Witness Mentions '93 Jackson Allegations

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  1. MR HIP HOP HEAD

    MR HIP HOP HEAD New Member

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    SANTA MARIA, Calif. - Michael Jackson (news)'s prosecutors on Wednesday were able to get a witness to mention child molestation allegations that the pop star faced in 1993 but which did not result in charges.

    The reference was made by a public relations specialist in front of the jury even though Superior Court Judge Michael S. Melville has not yet ruled on whether prosecutors in the current child molestation case will be allowed to present evidence from 1993.

    Jackson, 46, is on trial on charges of molesting a 13-year-old cancer survivor at Neverland ranch in 2003, giving him alcohol and conspiring to hold the boy's family captive.

    The mention of the 1993 allegation came when prosecutors were questioning Ann Marie Kite, also known as Ann Gabriel Kite, about public relations problems Jackson faced in February 2003.

    Kite listed both the Martin Bashir-produced documentary "Living With Michael Jackson," which triggered the current case, and the leaking of information from the 1993 allegations to the Web site thesmokinggun.com. Kite said the latter allegations involved inappropriate actions with a young boy.

    The document released by the Web site was an affidavit from Jackson's 1993 accuser in which the boy graphically described alleged molestation by the singer.

    "In combination with the Bashir documentary, I felt it was beyond a disaster," Kite said.

    Defense attorney Thomas Mesereau Jr. objected to questions about 1993, and the judge cautioned jurors that they were only to consider the testimony as it related to explaining Kite's motivations and not for the "truth of the matter."

    The jurors were asked during jury selection if they were aware of the 1993 allegations, although no details were discussed.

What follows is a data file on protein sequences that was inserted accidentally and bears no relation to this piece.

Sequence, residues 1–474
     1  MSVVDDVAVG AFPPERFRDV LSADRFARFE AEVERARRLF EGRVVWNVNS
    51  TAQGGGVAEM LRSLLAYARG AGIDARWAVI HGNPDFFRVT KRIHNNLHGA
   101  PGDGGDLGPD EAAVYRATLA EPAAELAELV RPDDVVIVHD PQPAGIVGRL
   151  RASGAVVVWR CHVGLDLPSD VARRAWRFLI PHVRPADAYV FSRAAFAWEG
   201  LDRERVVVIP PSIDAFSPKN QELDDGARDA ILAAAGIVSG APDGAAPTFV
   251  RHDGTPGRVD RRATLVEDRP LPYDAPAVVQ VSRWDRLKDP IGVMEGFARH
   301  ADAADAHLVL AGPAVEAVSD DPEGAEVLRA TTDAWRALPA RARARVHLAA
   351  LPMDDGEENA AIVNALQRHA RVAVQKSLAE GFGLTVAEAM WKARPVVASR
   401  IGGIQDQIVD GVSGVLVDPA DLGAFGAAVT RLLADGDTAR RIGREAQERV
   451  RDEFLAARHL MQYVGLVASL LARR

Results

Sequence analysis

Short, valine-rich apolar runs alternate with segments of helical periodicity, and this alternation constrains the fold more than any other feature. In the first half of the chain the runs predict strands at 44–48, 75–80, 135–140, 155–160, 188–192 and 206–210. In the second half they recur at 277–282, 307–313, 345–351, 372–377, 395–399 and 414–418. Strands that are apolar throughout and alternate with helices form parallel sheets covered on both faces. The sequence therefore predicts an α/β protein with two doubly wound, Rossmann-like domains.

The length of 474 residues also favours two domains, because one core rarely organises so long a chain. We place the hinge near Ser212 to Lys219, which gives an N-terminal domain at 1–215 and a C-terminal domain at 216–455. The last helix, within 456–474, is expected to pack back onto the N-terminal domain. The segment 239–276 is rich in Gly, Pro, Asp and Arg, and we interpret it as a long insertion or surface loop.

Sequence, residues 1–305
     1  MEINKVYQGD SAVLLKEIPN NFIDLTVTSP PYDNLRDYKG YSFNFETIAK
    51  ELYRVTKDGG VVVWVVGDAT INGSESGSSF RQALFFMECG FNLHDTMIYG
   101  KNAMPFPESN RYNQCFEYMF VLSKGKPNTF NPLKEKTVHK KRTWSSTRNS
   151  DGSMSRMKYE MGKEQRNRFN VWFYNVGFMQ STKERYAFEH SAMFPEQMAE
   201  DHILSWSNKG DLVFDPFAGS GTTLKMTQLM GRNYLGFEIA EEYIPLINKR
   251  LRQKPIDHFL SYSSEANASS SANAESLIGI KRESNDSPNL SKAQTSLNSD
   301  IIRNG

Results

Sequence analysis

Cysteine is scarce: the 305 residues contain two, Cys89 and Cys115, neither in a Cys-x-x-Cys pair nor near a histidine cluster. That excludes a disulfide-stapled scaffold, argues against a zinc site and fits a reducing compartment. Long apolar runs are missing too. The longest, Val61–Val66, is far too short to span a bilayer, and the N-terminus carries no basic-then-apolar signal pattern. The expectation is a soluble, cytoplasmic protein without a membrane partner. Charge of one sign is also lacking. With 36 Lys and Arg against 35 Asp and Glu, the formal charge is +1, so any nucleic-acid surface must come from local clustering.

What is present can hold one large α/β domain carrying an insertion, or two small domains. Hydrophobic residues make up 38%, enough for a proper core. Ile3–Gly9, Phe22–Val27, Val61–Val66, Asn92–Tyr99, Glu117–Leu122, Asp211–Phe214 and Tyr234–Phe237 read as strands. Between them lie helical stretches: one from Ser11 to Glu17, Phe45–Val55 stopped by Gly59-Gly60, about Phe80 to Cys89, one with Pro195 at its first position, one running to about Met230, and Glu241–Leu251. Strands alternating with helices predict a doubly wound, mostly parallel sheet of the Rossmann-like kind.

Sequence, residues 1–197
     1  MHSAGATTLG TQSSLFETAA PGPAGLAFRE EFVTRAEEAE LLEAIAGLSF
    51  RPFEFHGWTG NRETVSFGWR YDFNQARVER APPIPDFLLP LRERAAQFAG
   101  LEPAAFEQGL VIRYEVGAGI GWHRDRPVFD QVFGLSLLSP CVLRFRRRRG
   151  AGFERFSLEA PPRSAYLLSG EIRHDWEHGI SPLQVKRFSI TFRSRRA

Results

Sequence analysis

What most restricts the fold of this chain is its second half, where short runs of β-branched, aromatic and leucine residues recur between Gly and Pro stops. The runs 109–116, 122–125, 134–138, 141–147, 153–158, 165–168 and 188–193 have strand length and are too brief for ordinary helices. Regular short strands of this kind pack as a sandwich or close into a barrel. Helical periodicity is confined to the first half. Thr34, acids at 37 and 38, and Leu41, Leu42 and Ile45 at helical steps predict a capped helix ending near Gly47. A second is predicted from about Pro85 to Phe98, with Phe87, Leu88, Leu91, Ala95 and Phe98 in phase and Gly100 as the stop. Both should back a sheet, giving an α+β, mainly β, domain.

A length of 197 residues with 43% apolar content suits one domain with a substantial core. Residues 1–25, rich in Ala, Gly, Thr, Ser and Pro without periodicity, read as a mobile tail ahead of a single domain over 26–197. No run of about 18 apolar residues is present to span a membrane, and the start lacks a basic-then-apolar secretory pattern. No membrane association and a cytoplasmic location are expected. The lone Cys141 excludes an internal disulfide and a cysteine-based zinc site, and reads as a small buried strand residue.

The day began with a delay caused by a dispute over Kite's testimony late Tuesday when she said was brought in by a former Jackson lawyer to do public relations after the documentary aired.

    Melville met with attorneys for about half an hour before explaining to jurors that the question of whether an attorney hired Kite to work for Jackson should be interpreted to reflect "only what she thought she was doing" and not whether she actually was hired to work for Jackson.

    On Tuesday, Mesereau suggested in his opening statement that Jackson may testify, which would expose him to cross-examination by the prosecution.

    Mesereau dropped the hint twice in his remarks.

    "Michael will tell you one time he got a very bad feeling at Neverland," Mesereau said at one point, referring to an incident with the accuser's family at his estate.

    He also said, "Mr. Jackson will freely admit that he does read girlie magazines from time to time. He absolutely does not show them to children."

    Mesereau's suggestions were designed to suggest to jurors that Jackson may testify, Jackson spokeswoman Raymone K. Bain said in an interview.

    "They have not made a decision yet. But clearly they have spoken about it," she said.

    On Tuesday, the jury also was shown the documentary, which features the singer holding hands with the boy and explaining that there is nothing sexual about his occasionally sharing his bedroom with children.

    When Bashir asks about sleeping arrangements during overnight stays in Jackson's bedroom, the boy says Jackson once told him and his brother, "If you love me you'll sleep in the bed." Jackson adds that as the children slept in his bed and he slept on the floor in a sleeping bag.

    Prosecutors allege that Jackson molested the boy in late February or early March 2003, after the Feb. 6 airing of the documentary on ABC-TV.

    After the viewing, Mesereau sought to have Bashir's testimony and the documentary stricken from the record when Bashir refused to say how many hours of videotape were recorded during the making of the program.

    Melville refused to strike the video or the testimony. Mesereau then asked that Bashir be held in contempt and the judge said he would review the testimony before deciding that issue.

    Bashir's attorney, Theodore Boutrous Jr., repeatedly invoked California's shield law for reporters and the First Amendment, saying that as a journalist Bashir did not have to answer questions about unpublished information.

    Bashir refused to answer about 30 times, and Mesereau told the judge he wanted to call the journalist back as a defense witness. The judge said he would decide that after Mesereau shows why Bashir should testify.

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